The fragility of a structural component is defined as the conditional probability of the component attaining or exceeding a prescribed limit state for a given set of boundary variables. For most structural components probabilistic models of limit states that properly account for the underlying uncertainties are not available. In this work, such models are developed by use of idealized mechanistic models and available laboratory test data. The Bayesian model assessment approach is used for this purpose. For a given model form this process essentially involves estimation of a set of model parameters and the statistics of a model error term. Once the models are developed, the fragility is computed by use of computational reliability methods. The work described in this article was carried out at the University of California, Berkeley, by PEER faculty participants Professors Armen Der Kiureghian and Khalid Mosalam, and doctoral candidate Paolo Gardoni.
Probabilistic Models
In order to develop predictive capacity models the generic model form
(1)

is used, where is the quantity to be predicted expressed through a variancestabilizing transformation as described below; is a candidate deterministic model (ideally derived from first principles) expressed in terms of a set of measurable variables x; is a correction term for the bias in as a function of the measurable variables and a set of unknown parameters ; and is a random variable with zero mean and unknown variance representing the random error in the model. Selection of a suitable transformation supports the assumption of a normal distribution for with its variance being independent of , and a parsimonious parameterization of . In the present study, the linear form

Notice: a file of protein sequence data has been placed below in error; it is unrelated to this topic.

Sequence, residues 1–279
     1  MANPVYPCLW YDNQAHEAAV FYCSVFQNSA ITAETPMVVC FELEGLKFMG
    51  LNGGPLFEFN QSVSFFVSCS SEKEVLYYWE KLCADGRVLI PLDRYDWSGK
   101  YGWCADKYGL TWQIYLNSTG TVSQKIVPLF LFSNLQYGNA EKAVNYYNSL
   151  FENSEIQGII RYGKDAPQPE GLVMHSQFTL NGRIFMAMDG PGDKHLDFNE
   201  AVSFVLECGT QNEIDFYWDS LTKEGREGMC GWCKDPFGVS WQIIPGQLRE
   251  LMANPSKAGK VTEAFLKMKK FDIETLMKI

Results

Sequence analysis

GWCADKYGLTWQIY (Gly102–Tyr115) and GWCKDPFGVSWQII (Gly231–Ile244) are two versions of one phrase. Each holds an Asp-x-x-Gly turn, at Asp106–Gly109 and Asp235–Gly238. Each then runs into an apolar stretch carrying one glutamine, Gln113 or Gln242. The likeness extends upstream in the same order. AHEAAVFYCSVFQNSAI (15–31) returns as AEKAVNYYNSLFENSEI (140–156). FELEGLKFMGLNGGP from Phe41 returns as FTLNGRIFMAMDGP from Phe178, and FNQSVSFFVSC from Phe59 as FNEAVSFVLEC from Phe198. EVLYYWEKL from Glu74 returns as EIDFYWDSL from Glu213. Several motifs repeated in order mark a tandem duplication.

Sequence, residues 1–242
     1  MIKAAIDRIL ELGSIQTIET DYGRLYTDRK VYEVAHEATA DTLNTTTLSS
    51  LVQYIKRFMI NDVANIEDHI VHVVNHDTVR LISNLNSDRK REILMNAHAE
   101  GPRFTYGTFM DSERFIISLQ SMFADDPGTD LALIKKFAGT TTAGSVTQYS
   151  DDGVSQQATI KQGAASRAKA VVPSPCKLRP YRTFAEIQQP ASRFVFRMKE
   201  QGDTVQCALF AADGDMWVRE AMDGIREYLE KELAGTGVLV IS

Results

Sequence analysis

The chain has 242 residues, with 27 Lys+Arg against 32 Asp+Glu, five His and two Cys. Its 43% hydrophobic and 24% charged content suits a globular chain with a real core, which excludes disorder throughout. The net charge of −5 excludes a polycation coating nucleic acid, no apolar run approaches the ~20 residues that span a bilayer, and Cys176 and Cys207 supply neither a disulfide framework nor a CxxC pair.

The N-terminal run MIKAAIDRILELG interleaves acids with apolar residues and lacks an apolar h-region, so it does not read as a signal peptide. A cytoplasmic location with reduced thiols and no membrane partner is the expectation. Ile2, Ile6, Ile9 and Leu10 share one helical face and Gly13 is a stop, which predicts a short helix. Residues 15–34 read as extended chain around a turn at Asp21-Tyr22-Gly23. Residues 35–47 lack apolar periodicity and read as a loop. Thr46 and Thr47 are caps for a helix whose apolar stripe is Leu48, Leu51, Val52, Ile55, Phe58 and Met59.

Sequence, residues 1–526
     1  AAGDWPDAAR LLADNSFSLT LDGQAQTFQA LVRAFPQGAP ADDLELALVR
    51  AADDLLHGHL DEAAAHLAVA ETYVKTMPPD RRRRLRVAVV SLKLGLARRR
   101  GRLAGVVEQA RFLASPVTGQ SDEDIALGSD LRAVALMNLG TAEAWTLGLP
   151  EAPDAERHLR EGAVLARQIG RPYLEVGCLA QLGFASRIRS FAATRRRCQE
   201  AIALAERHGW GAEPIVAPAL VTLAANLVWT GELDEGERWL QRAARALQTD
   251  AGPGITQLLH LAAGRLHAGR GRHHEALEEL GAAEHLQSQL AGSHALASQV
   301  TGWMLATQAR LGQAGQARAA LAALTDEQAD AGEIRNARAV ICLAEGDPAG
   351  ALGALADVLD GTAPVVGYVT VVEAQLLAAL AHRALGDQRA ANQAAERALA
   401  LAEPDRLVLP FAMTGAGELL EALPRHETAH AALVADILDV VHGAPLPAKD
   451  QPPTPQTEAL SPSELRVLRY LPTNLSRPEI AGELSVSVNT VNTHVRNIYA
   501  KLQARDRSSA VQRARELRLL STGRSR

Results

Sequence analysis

(2)

is used, where is a set of preselected "explanatory" functions.
The set of unknown parameters of the model is estimated by use of the Bayesian updating rule (Box and Tiao 1992). This involves the formulation of a likelihood function based on the available observations and the selection of a prior distribution. Maximum likelihood estimation and an importance sampling method are used to compute the posterior statistics of the parameters.
Experimental Data and Parameter Estimation
A large body of column test data is available at the University of Washington  PEER website http://maximus.ce.washington.edu/~peera1/. The database contains the results of cyclic lateral load tests of reinforced concrete columns with circular and rectangular cross sections under constant axial load. Included in the database are 109 circular columns, 43 of which failed in shear and 66 that failed either in flexure or in a combined flexureshear mode. This data and noninformative priors were used to estimate the shear and drift capacity models for circular bridge columns. With respect to each capacity the data can be classified into "failure" and "no failure" observations. It is important to note that both types of observations provide information for estimating the model parameters.
Probabilistic Models for Deformation and Shear Capacity